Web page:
What Psychology Majors Could (and Should) Be Doing, Second Edition:
For individuals in the U.S. & U.S. territories
With more than 115,000 psychology majors graduating each year, it is an understatement to say that competition is fierce. Whether you plan to go to graduate school or to enter the world of work, a decent GPA is not enough to make you stand out. So, how can you gain a competitive edge?
Like a trusted advisor, this book steers you to the experiences outside the classroom that will help you build your professional portfolio and show prospective employers and graduate school programs that you have the skills they want — researching, writing, public speaking, and statistical reasoning.
Since professional research experience remains the most important avenue for fostering and demonstrating these skills, the authors emphasize ways to get involved in scholarly research, including finding research opportunities, conducting the research, going to scholarly conferences, and presenting findings in papers and talks.
The only book devoted to undergraduate professional skills in psychology, this second edition provides a new overview of the kinds of research experiences you might seek, no matter what type of college you are attending, as well as tips for writing your CV and personal statement, succeeding in classes, and thinking about options after college.
In short, this consummate guide provides all the help you will need to get the most out of your psychology degree.
- Choosing Your Research Focus
- Finding Research Opportunities
- Succeeding in Your Classes
- Getting More Out of Statistics
- Finding and Understanding Research Articles
- Writing Research Papers
- Getting Involved Outside the Lab and Classroom
- Attending Academic Conferences
- Presenting a Research Poster
- Presenting a Research Talk
- Making a CV
- Writing Personal Statements
- Thinking About the World of Work
- Understanding Graduate School
Appendix: Good Books for Your Professional Library
About the Authors
Paul J. Silvia, PhD, is a social-personality psychologist at the University of North Carolina at Greensboro. He has served as the director of the department's honors program, and he teaches undergraduate courses on creativity, personality, academic writing, and professional skills. His other books include How to Write a Lot: A Practical Guide to Productive Academic Writing (2007) and Exploring the Psychology of Interest (2006).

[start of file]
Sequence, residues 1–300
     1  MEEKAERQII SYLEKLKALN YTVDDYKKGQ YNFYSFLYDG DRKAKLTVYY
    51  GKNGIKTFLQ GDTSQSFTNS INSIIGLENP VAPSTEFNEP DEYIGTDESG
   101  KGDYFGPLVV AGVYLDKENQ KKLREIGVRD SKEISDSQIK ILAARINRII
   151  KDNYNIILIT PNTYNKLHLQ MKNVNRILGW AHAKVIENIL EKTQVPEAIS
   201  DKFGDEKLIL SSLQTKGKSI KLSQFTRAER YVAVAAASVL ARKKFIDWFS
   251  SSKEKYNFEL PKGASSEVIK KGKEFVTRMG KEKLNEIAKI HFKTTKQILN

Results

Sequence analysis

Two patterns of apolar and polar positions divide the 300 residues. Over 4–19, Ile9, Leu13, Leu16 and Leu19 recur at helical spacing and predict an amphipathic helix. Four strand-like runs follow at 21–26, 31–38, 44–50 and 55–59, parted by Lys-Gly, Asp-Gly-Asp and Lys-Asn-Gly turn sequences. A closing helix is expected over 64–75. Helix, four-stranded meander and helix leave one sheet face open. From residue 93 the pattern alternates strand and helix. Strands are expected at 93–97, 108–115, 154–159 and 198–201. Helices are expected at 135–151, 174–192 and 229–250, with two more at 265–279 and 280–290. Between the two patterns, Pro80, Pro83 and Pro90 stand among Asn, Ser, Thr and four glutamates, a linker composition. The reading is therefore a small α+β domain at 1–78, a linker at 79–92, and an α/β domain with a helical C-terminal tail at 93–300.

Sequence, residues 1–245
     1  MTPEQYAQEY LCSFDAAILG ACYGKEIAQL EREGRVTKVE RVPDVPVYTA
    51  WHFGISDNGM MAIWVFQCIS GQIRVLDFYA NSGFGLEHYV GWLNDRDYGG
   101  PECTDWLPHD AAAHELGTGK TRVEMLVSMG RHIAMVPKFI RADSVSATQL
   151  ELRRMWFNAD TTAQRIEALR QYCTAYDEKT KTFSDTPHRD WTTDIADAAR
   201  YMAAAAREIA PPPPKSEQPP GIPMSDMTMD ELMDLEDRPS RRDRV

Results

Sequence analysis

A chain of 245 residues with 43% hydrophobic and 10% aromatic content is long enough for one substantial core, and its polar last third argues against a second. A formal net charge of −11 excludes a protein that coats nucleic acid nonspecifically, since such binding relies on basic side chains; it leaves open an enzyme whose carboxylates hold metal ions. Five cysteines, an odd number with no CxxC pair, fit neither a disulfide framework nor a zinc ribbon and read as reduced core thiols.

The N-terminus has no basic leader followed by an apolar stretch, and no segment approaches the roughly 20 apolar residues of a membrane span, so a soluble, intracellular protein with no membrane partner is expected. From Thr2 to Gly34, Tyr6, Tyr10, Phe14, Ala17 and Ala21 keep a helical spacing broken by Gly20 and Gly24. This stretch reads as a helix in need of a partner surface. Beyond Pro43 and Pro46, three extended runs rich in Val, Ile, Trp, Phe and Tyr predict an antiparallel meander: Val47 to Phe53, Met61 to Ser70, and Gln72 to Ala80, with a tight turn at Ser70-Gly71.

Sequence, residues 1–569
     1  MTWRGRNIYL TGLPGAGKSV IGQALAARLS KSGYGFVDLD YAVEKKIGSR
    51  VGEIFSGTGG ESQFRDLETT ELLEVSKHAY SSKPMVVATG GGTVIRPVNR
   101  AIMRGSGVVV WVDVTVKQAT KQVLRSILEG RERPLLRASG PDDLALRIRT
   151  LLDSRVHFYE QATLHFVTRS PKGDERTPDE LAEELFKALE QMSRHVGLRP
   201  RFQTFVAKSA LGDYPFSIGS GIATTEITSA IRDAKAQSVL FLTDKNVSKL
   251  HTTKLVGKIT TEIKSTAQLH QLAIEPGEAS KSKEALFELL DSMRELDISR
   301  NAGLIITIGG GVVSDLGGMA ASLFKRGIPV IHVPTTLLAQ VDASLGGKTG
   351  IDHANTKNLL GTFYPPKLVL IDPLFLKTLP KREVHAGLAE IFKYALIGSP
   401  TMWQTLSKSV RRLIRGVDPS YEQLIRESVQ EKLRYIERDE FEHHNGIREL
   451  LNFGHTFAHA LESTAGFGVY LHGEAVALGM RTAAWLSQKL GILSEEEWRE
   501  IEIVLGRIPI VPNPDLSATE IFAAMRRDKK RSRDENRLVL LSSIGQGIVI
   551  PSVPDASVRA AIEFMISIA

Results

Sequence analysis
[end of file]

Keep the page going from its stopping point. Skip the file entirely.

Peter F. Delaney, PhD, is a cognitive psychologist at the University of North Carolina at Greensboro and former director of undergraduate studies in the psychology department. He has won several teaching awards and taught thousands of students, and he conducts laboratory research on human memory and learning.
Stuart Marcovitch, PhD, studies cognitive development at the University of North Carolina at Greensboro. He was the long-time faculty advisor for Psi Chi — the national honor society for psychology — and has been involved with continuously improving the undergraduate curriculum, especially the statistics and research methods components.
This text should be required reading for all psychology majors…It should also be recommended reading for professors!
Undergraduates — whether they are headed to graduate school or straight to the job market — will benefit from this book. Using a professional development approach, the authors offer practical, meaningful, and easy-to-understand advice that unlocks the sometimes hidden world of academic rules and expectations. I look forward to sharing this book with my advisees and research assistants!
—Rachael D. Reavis, PhD
Assistant Professor, Department of Psychology, Earlham College, Richmond, IN
Psychology prepares students for so many career paths. Like a good mentor, this book helps students navigate the many opportunities that psychology offers so students are optimally prepared for life after college.
—Gary W. Lewandowski, Jr., PhD
Professor and Chair, Department of Psychology, Monmouth University, West Long Branch, NJ; author of Discovering the Scientist Within: Research Methods in Psychology